Izzy Eats: The art of raising a gourmand, one bite at a time

Stirring tales of eating, cooking and foraging in my never-ending quest to provide, great-tasting (local and organic whenever possible) EATS for me and my boy(s).

Saturday, November 10, 2007

Putting The Kibosh on Spaghetti Squash?

Who can honestly say that spaghetti squash is their favorite vegetable? Until today I couldn't weigh in on a spaghetti squash discussion, having never cooked or eaten this odd vegetable.
How did that come to be? I am not exactly sure but I never found it on my dinner plate as a child (probably because you couldn't find it in the frozen vegetable section). And then, later when I could and would eat nearly anything, recipes for spaghetti squash held little allure (stringy, watery textured vegetable..., uh,no thanks).

So how then did I find myself with two large spaghetti squashes in the fridge? Well I have Farmer Rich to thank for that. His harvest has forced me into experimentation. The squashes have been hiding in the back of the fridge, awaiting an uncertain fate. Cook or compost? That was the question. I hadn't planned on cooking them tonight but I was cleaning out my fridge and figured, now or never. So I googled and found a simple, straightforward recipe.

I cut the squash into halves roasted it drizzled with some olive oil and balsamic vinegar. When it emerged from the oven I took a fork to create the "spaghetti strands". This is something Izzy took great interest in watching.

As I fluffed up the strands I was reminded of E., a CSA member who told me of how she could not eat spaghetti squash because she had been scarred by her mother's childhood preparation of the vegetable. It had been served, "spaghetti style" with tomato sauce. Now, examining the texture, I could see why she doesn't go near the stuff.

I needed to add some other ingredients but before doing so, I wanted an unadulterated taste. Verdict? A bland, insipid vegetable to be sure, nothing like its more orangey, sweet butternut cousins. The addition of some butter, olive oil, and Parmesan cheese (I left out the rosemary and added butter) definitely helped to elevate its status to something palatable. But still I would not go out of my way to buy or order this anytime soon, except for Izzy.

He had an entirely different perspective on the matter. He could not get enough of the stuff. He couldn't keep his fork away from the stove, spooning up mouthfuls at every turn.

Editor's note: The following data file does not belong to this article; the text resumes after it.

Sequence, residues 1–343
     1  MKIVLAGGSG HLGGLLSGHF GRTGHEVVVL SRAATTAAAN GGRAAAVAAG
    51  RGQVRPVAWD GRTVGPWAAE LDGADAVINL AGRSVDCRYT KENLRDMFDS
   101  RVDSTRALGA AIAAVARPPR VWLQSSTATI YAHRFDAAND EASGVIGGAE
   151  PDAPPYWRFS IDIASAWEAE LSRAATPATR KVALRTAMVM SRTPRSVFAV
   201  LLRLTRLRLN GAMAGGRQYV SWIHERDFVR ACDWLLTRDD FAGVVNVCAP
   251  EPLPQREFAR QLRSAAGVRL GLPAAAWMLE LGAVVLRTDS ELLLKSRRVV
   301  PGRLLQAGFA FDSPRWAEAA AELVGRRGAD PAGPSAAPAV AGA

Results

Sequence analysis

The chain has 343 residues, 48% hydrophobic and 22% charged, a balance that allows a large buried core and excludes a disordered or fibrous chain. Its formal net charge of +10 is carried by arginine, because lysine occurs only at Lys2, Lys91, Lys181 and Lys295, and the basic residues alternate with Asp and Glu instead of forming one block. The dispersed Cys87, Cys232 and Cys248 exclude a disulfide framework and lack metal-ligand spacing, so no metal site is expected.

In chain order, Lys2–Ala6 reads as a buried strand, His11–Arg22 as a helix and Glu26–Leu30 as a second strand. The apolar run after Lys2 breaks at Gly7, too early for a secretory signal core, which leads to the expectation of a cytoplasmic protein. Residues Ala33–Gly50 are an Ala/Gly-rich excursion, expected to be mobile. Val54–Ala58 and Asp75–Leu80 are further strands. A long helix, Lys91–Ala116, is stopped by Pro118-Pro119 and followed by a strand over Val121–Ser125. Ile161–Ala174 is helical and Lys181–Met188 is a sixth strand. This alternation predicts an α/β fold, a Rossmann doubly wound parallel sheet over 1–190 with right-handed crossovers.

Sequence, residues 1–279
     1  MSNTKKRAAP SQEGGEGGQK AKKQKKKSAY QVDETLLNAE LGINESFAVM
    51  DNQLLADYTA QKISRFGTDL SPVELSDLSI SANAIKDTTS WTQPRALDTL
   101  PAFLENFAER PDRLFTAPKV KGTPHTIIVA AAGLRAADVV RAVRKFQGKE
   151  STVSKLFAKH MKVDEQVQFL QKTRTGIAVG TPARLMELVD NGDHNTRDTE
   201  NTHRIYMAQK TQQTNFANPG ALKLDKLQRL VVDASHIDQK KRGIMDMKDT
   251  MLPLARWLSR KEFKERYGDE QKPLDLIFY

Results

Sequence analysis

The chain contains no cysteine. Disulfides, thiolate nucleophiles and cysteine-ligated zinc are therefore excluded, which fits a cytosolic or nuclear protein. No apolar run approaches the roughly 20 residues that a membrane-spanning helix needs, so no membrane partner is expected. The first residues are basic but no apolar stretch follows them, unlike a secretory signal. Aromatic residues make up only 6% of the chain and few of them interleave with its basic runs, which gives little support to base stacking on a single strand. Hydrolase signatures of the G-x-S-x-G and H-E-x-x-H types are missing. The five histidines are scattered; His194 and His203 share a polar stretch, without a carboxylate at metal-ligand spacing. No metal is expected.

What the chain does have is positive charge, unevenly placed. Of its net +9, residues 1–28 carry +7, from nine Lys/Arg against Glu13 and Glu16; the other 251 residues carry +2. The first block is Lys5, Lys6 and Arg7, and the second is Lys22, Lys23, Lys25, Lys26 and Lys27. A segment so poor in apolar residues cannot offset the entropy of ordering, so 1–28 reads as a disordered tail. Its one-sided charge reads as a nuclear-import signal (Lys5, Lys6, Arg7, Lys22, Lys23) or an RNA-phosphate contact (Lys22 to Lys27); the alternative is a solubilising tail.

Maybe he lacks for certain vitamins present in this squash. Perhaps he gets the taste for it from the other side of the family. Whatever the case may be, he finished the entire batch. Lucky for him, I still have one more in the fridge. After that, he might just have to wait until next fall before I find myself making another.


Bean's Mum said...

I have heard raves and subsequently tried the "tomato sauced" version of s.squash. With a good sauce and fresh mozz., I find it delicious. I'll have to make it this winter to see what the girls think. The Bean is challenging me lately on that "be prepared to serve the vegetable 20 times before they discover they like it" rule, so we'll see...

Izzy's Mama said...

Beans Mum: I definitely think that if I had drowned the squash with tons of Parmesan it may have been somewhat more appealing but I just don't understand the point. There are so many inherently tasty vegetables that can stand alone with the simple addition of salt, pepper and olive oil. Why spend time preparing something with a questionable taste and texture? Masking its taste with tomato sauce doesn't seem like the answer for me since the texture would still remain.

As for the Bean and veggies, one key is, remain lighthearted or else struggles will ensue.

Carla said...

hmmm.....tonight I am cooking up one of mine. I am in a similar boat- never tasted/ touched etc but heard how wonderful they are from many others....I decided to make a ground turkey tomato and veggie sauce with it and use it as more of a base - wish me luck!

Izzy's Mama said...

Carla: Please do tell how it comes out!

Carla said...

it was actually quite good (I am from the CSA as well - the girl who was always late the past few weeks) - I sauteed some ground turkey w. garlic, bell and hot peppers (its going to be time for deliveries again before I finish all those hot ones!)added a can of diced tomato and some mushrooms and a little s&p - I boiled the squash (whole - then cut it in half and "stranded it")
served one half of the squash in a bowl with a hearty ladle full of the meat sauce and a sprinkle of cheese
you are right not much taste but since I am trying to lay off the real pasta after a weekend full of M&P mac and cheese (and the risotto that comes w. the filet mignon!) it was perfect

Izzy's Mama said...

Carla: Oh, I didn't realize it was you! Glad it came out well..maybe I will come around to it some day.

Anonymous said...

oh I love spaghetti squash! It's okay as the center of a dish, but where I find it's a real star is as a supporting member of another dish. It retains it's slightly crisp texture through cooking very well. My two best dishes with it were a vegetable lasagna where I used it as a layer tossed with fresh thyme and as the texture in a veggie soup. It's lightly perfumey squashiness was delicious!

Izzy's Mama said...

Ann: You do make it sound appealing. Maybe I shouldn't give up on it just yet. I like the layered idea.

Anonymous said...

You're thinking about it all wrong. Address the spaghetti squash noodles as if they were Asian noodles. Bake with sesame oil on top and mix the raked product w/garlicky veggies and top with sesame seeds. Yum. D.